This Golfer said his average score was 93. Though, he did say that he usually took 2 or 3 Mulligans a round. And was a frequent taker of gimme’s when he was within a couple feet of the hole. So in reality he more likely had an average of 98 if he had played by the rules – but hey, who needs rules? They just get in the way of a good score. And if your average score is 98, that means that you must have close to half your rounds at 100 or more.
So with saying that – I would say that this Golfer – who was only playing with 4 golf clubs (Driver, 7-iron, sand wedge and putter), having practiced for 4 hours in the morning (longer than he’s ever done before, so fatigue was starting to set in) and playing a golf course he’s never seen before at 4 over par for 3 holes and in the fairway on the 4th hole only 140 yards to the green was not coming anywhere near his “worst golf he’s ever played.”
I would actually put it in the category of he was probably playing close to his finest golf ever!
Now with him saying that this is his worst golf ever – do you think he’s gaining confidence or losing it? Of course he’s losing it. Which is sad because he’s playing better than ever and should be gaining confidence! Yet, for some reason he’s thinking otherwise. Why is this? And how many times in the last year have you done this yourself?
So to explain why – I’m going to go on a shot by shot recap of his first 4-holes of what he called the worst he’s ever played and please look back in your memory bank to see if you’ve ever heard or seen yourself doing these same things. But, first remember – his number 1 goal was to get his Driver in play – something he had so much trouble doing that he had to use his 3 wood or hybrid club off the tee instead in the past!
The 1st hole he teed up his Driver and said that he was aiming down the left side of the fairway. He hit the ball 200 yards and ended up on the right side of the fairway about 180 yards from the green. His second shot was a well struck 7 iron that landed exactly where we had planned because we had made the PLAN to hit about 40 yards short of the green and to the left to give him a good angle to the flag. His 3rd shot was a medium-high sand wedge that stopped 15 feet short of the hole. 2 putts for 5 (bogey). He then said if he could become a better Driver of the golf ball he could play so much better.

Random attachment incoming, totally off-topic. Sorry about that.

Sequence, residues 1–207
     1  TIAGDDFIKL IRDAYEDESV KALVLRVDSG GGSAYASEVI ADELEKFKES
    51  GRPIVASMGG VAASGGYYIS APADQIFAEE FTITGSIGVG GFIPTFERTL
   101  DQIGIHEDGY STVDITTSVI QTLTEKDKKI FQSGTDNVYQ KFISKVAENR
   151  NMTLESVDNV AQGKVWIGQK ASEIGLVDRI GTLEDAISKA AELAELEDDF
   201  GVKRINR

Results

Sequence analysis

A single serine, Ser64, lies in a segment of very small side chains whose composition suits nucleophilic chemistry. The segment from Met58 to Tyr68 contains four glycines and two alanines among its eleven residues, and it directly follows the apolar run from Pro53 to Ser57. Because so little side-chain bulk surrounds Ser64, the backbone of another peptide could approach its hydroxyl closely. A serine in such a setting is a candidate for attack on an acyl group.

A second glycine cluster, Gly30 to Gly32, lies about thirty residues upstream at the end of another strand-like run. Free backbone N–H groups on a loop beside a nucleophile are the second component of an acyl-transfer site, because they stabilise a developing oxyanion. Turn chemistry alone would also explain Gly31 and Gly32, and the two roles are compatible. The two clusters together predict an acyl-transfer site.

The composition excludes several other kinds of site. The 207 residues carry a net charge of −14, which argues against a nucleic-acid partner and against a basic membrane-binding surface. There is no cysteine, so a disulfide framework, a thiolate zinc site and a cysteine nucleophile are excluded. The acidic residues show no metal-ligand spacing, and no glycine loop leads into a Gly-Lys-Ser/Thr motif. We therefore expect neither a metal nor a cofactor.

He then proceeded to ask what he did wrong with his swing on his tee shot.
Second hole he teed up Driver and said that he was aiming down the left side of the fairway. He hit the ball 215 yards and ended up on the right side of the fairway about 145 yards from the green. He hits a well struck 7 iron down the left side (like we planned) that ended up just left of the green, though even with the hole. His third shot wasn’t a good one – he took out his wedge and tried to play a shot that wasn’t necessary and hit a little behind the golf ball. The ball went about 1 foot and then rolled all the way down the hill, leaving him with a tougher shot. Before the next shot we made a PLAN that made more sense and he hit a pretty good shot that ended up 4 feet short of the hole. 2 putts for 6 (double bogey). He then said if he could become a better Driver of the golf ball he could play so much better because he would have a shorter iron into the green.
And again asked what he did wrong with his swing on his tee shot.
Third hole is a par 3 about 142 yards, there are 2 sand bunkers that guard the front right and front left portion of the green. He made a PLAN to favor the left side of the green. He hit a well struck 7 iron that started down the left side like he planned and slowly and gracefully drifted slightly right and landed on the green about 25 feet right of the flag. “What’d I do wrong on that swing?” – “What do you mean, what did you do wrong? You hit the green.” – “But did you see how the ball drifted to the right?” – “You’re on the green putting for birdie and complaining?” – “No, I’m not complaining. I just want to hit the golf ball better!”